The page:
After a few moments of scrutiny the bartender slides her ID across the table. What does she want? the bartender asks me.
One thing Louisas figured out is this what-to-do-when-people-refuse-to-speak-to-you routine. Beer! she pipes angrily.
You want me to bring her a light beer?
St. Pauli Girl, Louisa insists. Where she gets this from I dont know. St. Pauli Girl. But the bartenders still looking at me.
Hey, Im her sister, not her mother. Give her what she wants. Shes not the one driving. And I order a St. Pauli Girl for myself too, just so Louisa wont get paranoid that shes done something weird.
Anyway, the bartender vindicates herself later, by taking care of Finger when he makes his suggestion about taking me outside. Or maybe this is ego talking, my assuming that Finger was bird-dogging me and not my sister, who is after all not a bad-looking woman, especially with her new perm and John Lennon eyeglass frames. I guess the bartender decides to step in as Louisas protectress since she thinks Im being too lax about that job. Bartender says something to Finger underneath her breath, something threatening enough to make his eyes go wide. Then to soothe us all she takes a bunch of change from the till and drops it into the jukebox.
This does the trick: the bar falls silent while the lead guitar knifes its way through the intro. Then, with the grace and synchronicity of ballerinas, all the guys start playing air guitar by strumming the folds of skin around their navels. Finger tilts woozily over his glass, and by the time the song ends his arms are folded on the bar with his head nested inside, whistling the strange birdcalls of sleep.
Look, Louisa says, elbowing me. That funny boy is sleeping.
I told you hes not funny. Hes a jerk.
Yeah, she says, bobbing her head. Often I find myself wishing Louisa did not agree so enthusiastically with everything I say. It forces me to police myself all the time, and this policeman speaks in a voice I recognize as belonging to my mother, wholl say (as in defense of turning off Louisas plumbing), I wish you would start considering your sisters future more seriously. All Im trying to do is set things up so that Louisa will be less of a burden when the day comes that neither I nor your father are around.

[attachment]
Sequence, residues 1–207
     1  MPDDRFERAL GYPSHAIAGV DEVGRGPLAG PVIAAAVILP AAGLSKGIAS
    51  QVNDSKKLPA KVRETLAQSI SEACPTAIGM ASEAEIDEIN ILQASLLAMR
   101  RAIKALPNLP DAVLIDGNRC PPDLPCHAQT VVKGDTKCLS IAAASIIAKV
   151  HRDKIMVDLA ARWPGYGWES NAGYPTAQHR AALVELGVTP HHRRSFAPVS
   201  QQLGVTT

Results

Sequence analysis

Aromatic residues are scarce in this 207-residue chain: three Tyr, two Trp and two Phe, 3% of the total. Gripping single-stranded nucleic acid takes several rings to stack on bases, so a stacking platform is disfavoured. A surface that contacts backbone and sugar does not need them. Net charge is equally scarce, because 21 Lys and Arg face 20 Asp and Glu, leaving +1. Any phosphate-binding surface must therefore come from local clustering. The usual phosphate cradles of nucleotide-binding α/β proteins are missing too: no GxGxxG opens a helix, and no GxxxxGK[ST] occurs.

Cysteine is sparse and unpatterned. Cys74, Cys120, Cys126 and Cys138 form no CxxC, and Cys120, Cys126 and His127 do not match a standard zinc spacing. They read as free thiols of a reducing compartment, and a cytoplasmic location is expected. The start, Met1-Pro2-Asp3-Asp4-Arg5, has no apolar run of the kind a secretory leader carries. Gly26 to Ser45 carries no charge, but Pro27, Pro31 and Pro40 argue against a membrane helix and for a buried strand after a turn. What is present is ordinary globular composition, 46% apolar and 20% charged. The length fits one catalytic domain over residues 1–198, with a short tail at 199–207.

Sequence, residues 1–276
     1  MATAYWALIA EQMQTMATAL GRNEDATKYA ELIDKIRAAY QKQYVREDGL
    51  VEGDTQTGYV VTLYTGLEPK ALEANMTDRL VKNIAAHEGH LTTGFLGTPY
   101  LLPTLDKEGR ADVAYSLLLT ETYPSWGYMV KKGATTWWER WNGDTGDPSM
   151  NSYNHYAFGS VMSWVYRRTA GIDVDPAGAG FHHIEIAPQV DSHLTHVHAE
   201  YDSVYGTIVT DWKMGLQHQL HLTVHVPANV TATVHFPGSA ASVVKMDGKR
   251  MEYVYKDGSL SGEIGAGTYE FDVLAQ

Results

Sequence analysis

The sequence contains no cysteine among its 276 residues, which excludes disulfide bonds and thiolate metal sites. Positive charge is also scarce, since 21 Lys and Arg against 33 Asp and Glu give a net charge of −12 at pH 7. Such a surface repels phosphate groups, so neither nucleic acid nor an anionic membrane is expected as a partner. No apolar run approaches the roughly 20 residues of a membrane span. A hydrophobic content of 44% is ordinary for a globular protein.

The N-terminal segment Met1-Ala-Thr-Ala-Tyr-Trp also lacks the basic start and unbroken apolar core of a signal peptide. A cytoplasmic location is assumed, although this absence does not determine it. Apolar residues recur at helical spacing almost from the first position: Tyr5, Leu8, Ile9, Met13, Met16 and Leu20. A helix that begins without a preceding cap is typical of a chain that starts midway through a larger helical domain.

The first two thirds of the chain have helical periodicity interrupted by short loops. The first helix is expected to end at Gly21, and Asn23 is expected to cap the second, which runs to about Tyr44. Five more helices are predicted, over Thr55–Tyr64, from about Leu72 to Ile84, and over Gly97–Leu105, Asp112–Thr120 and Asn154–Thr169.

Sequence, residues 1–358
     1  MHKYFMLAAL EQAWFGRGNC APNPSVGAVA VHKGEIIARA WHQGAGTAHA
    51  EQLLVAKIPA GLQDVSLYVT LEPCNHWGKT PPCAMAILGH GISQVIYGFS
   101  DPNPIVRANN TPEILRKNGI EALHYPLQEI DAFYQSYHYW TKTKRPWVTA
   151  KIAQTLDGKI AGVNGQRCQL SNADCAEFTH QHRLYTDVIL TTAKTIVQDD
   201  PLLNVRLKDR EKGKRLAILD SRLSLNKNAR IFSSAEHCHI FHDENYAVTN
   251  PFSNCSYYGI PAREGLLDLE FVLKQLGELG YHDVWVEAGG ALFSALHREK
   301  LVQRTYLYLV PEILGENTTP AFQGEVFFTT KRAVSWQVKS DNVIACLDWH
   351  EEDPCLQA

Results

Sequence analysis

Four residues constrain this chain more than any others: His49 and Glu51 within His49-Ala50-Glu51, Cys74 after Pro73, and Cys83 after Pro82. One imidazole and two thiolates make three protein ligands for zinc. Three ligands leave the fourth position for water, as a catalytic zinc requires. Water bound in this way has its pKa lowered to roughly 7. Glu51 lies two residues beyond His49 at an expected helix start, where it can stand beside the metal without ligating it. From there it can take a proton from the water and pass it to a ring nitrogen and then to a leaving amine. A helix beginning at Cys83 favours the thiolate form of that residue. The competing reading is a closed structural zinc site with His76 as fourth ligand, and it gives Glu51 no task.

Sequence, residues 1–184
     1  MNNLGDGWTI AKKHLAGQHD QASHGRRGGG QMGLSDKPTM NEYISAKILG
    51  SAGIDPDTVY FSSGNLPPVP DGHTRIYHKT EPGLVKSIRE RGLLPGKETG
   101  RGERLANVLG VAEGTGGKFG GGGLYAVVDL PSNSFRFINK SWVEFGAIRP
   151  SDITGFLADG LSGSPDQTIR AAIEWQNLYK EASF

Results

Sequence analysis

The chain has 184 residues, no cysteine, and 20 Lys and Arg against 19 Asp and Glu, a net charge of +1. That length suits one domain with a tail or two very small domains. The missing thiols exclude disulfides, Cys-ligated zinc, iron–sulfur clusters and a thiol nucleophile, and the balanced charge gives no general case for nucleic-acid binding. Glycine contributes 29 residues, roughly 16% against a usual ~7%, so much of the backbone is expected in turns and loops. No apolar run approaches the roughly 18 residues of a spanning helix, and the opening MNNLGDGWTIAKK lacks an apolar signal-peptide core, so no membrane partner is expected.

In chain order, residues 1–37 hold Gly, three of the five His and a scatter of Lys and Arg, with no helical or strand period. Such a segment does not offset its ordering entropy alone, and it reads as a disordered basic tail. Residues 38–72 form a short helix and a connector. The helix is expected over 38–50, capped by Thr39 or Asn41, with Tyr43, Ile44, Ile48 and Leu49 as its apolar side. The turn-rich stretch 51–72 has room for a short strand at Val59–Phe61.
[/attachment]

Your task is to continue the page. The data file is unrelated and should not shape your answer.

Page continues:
My mother always gives the words your father an extra jab. He has a new wife who lives with him in a house overlooking the Tacoma Narrows and the bridge that replaced the one they call Galloping Gertie because it turned into Jell-O on a particularly windy day. My mother, on the other hand, is stuck living with Louisa in a trailer, though she becomes offended when I refer to it as such. Its a mobile home, she insists huffily. And Ive got the clubhouse. I notice you dont mind coming down off your high horse whenever you want to use the pool.
As you can tell, its a sore subjectmy mother stuck with a clubhouse whose lone assets are a machine that dispenses last years Ho Hos, and a pool that can barely accommodate a decent cannonball, while my fathers got Galloping Gertie II and the whole of Puget Sound right in his living room. My mother thought she could salve her pride by hiring a decorator, whose handiwork ended up making the trailer look like the set of a late-night TV talk show, which must remind Louisa all the more about how her life has paled ever since she had to leave the group home, where she could tussle with her girlfriends on the battered furniture every night, like attending summer camp forever. Louisa is simply too big for my mothers placeand its not so much her fatness as the way that her high spirits make her seem loud and clumsy. And my mother takes them as evidence of Louisas naïveté and thinks we must band together to fend off evil.
Reprinted from Happiness is a Chemical in the Brain: Stories. Copyright © 2012 by Lucia Perillo. With the permission of the publisher, W.W. Norton & Company, Inc.
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